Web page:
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Saturday, March 14, 2009

OPINION: Who is Cool?

Ray Charles (Ray Charles via

"Cool" - Who Is, Who Isn't, Who Wants to Be and Who Can Never Be - Music Part 1 by Julian Huntly

I looked up "cool" in the dictionary, which is actually a pretty uncool thing to do and this is what I found: "fashionable, stylish, chic, up-to-the-minute, sophisticated; informal trendy, funky, with it, hip, big, happening, groovy, phat, kicky, fly."

Which to be honest is not very helpful, I then remembered the Monks of Cool from the Terry Pratchett novel Lords and Ladies. In their passing-out test a novice monk must select the coolest thing to wear from a room full of clothes. The correct answer is "Hey, whatever I select", which I think gives me the right to write this article and tell you all who I think is cool and who is not, and my reasons for doing so.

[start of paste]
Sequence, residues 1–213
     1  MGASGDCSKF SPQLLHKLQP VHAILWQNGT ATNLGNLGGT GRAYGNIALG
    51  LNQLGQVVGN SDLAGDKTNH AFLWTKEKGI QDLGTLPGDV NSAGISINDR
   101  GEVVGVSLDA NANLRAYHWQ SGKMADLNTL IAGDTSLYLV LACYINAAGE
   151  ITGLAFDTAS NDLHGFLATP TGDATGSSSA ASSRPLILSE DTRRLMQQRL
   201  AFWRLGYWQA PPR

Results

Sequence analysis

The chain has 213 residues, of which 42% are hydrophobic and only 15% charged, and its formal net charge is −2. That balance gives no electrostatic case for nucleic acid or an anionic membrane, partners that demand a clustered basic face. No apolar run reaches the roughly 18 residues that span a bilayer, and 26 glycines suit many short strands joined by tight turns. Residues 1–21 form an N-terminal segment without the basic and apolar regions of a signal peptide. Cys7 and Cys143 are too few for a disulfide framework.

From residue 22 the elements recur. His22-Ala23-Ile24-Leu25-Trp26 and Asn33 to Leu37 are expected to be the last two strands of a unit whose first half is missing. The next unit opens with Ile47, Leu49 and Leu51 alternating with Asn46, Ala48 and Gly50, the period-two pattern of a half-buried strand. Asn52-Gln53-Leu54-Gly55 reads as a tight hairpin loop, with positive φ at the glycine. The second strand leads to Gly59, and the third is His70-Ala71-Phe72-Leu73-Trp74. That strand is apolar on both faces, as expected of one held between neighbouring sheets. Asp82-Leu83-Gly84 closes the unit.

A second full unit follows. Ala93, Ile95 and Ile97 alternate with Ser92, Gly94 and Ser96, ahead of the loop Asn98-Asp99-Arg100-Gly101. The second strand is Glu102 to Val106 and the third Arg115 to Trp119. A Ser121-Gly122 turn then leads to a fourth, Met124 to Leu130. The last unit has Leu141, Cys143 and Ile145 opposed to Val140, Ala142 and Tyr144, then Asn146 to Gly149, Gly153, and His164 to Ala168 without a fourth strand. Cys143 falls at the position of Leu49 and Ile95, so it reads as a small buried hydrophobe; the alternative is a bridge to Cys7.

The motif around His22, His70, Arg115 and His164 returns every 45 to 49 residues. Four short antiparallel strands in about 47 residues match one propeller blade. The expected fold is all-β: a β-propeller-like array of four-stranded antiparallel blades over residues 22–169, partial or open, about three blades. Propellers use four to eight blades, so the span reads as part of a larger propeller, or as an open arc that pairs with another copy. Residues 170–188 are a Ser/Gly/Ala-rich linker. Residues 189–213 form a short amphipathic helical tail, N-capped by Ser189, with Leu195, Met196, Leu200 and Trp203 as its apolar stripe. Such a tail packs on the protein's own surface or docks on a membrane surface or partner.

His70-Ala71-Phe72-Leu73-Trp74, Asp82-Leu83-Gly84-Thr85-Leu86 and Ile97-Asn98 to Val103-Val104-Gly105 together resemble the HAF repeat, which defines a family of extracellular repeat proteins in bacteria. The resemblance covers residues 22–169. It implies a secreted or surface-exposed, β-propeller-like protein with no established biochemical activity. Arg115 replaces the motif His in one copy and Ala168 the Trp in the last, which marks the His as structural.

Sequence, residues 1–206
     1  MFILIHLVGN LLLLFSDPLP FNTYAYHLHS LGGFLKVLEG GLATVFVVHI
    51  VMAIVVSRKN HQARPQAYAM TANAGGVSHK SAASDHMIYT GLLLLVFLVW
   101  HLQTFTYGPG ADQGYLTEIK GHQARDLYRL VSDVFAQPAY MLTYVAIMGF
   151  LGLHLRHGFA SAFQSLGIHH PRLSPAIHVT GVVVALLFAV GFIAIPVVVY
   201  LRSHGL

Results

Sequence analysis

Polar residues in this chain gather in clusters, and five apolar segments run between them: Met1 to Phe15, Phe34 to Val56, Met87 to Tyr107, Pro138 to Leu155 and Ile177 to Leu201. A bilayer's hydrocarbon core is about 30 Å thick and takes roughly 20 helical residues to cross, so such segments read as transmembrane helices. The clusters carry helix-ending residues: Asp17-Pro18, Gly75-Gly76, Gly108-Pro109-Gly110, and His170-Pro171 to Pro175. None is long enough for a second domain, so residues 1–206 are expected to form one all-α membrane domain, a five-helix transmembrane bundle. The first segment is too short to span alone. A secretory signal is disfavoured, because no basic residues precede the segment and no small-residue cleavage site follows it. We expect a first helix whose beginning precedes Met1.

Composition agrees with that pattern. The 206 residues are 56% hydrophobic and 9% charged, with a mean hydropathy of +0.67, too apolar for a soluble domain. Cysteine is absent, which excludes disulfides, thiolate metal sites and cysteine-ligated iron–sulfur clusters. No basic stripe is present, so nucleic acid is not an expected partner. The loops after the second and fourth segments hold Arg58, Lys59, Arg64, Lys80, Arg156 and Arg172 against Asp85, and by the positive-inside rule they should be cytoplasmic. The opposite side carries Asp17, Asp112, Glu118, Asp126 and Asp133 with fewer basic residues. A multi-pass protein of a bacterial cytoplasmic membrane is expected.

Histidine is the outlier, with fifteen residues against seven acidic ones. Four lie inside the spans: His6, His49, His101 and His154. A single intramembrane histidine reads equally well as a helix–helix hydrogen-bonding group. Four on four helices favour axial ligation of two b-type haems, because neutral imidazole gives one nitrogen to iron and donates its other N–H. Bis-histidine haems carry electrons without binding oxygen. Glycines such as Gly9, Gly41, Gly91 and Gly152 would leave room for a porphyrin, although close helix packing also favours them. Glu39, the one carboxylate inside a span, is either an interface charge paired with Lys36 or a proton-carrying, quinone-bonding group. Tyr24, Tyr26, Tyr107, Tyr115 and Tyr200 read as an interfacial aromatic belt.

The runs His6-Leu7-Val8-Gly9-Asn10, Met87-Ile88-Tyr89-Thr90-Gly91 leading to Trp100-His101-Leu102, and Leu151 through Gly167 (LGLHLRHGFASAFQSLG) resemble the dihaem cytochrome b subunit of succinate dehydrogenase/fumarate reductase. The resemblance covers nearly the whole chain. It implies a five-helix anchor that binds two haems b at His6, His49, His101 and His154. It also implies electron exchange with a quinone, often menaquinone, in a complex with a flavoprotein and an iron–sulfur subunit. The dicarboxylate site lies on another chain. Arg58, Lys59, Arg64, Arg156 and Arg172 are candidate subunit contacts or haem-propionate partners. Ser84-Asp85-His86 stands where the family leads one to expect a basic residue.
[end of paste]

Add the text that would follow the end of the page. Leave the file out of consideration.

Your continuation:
Lets start with the world of Music.

Where to start, well I suppose one of the longest running arguments in music is Stones vs. Beatles. Well obviously the Rolling Stones are cool and the Beatles are not. Why is this? Both bands got busted for drugs, both bands made a massive worldwide impact with their music. The Beatles were arguably more inventive and creative than the Stones, but that does not make a band cool.

First, the Beatles had Paul McCartney (The Frog Song) and Ringo Starr who John Lennon said wasn't even the best drummer in the Beatles. Sure the Stones had Bill Wyman who was sleazy and pretty uncool but I think the Beatles lose on that one.